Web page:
NYC councilman to propose bill to help curb light pollution by streetlights

Light pollution causes a plethora of problems throughout the world. Affecting stargazing opportunities, messing with our natural circadian rhythms, wasting energy, and killing wildlife are only a few of the serious problems caused by light pollution.

And in a place like New York City, those problems are exacerbated even more. So in honor of Earth Day, East Side Councilman Ben Kallos is going to propose a bill this upcoming Tuesday aimed at curbing light pollution caused by streetlights.

United States light pollution seen from space. Photo: Courtesy of NASA

According to Gothamist, the bill would mandate that the city use fully shielded light fixtures when replacing streetlights. “Kallos said that the measure would help limit light shining into New Yorker’s apartment windows, and also conserve energy, darken the night sky, and reduce the harmful effects of stray light on wildlife.”

Fully shielded light fixtures cover the sides of the bulbs of streetlights to ensure the light only shines straight down, instead of everywhere. The city currently only partially covers bulbs, leaving them to jut out and throw light everywhere. Add in the fact that the city is replacing all streetlight bulbs with the more radiant, blue-tinted LED bulbs and it’s a problem that’s becoming worse.

The differences between non-shielded, semi-shielded, shielded and full shielded streetlights. Photo: Delmar Fans

The American Medical Association concluded last summer that the new LED streetlights can cause serious problems:

“In addition to its impact on drivers, blue-rich LED streetlights operate at a wavelength that most adversely suppresses melatonin during night. It is estimated that white LED lamps have five times greater impact on circadian sleep rhythms than conventional street lamps. Recent large surveys found that brighter residential nighttime lighting is associated with reduced sleep times, dissatisfaction with sleep quality, excessive sleepiness, impaired daytime functioning and obesity. The detrimental effects of high-intensity LED lighting are not limited to humans.”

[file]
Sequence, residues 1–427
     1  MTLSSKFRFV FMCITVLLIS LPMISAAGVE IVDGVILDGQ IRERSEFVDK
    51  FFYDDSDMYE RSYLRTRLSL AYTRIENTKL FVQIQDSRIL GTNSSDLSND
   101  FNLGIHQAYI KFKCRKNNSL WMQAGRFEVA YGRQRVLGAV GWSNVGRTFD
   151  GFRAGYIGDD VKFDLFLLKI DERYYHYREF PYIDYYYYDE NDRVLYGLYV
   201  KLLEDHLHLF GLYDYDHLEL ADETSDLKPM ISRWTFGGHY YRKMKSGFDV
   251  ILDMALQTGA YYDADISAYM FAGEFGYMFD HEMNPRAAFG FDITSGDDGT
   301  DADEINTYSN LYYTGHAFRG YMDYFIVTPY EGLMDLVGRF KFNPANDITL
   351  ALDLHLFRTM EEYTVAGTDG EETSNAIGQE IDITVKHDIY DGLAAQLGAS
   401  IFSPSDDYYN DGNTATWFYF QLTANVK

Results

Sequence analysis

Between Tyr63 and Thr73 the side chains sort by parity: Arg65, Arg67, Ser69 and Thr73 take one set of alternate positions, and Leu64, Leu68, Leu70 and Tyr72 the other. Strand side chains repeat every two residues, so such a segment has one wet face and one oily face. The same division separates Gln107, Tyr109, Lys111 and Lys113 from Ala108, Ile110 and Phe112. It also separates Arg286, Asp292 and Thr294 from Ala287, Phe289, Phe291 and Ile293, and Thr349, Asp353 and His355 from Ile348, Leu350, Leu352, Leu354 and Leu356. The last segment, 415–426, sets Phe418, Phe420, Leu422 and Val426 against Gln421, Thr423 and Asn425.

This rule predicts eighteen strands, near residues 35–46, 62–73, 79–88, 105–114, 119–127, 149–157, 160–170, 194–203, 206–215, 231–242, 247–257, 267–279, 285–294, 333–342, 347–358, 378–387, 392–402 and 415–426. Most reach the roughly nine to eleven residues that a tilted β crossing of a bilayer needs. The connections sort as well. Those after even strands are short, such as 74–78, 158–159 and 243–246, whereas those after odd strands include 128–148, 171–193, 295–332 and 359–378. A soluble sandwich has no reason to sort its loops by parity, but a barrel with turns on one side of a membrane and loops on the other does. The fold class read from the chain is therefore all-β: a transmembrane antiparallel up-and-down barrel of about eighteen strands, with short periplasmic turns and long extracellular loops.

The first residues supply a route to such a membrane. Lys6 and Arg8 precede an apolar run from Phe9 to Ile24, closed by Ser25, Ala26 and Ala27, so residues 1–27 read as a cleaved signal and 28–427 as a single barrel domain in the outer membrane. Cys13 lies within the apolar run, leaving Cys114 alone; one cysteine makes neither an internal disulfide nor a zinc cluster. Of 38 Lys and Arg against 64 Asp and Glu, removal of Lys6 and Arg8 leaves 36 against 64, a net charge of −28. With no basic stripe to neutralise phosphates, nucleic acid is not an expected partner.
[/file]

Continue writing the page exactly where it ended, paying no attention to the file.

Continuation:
So now instead of the sodium yellow lighting that was shining into people’s apartments, the high-intensity blue-tinted LED light is what is leaking out by not being full shielded. The streetlights in my neighborhood were replaced with these LED lights last year. I can attest that they are obnoxious and have caused our streets to lose that nighttime intimacy that New York City streets can be so famous for.

While getting blackout curtains and going camping to reset our circadian rhythms are things we can do to combat the effects on us, New York City (and all cities) need to fully shield street lights to cut down on the other negative effects of light pollution.

Hopefully this bill can be a step forward for the city that never sleeps in helping us rest easier.

The New York City skyline at night. Photo: Fancycrave/Pexels

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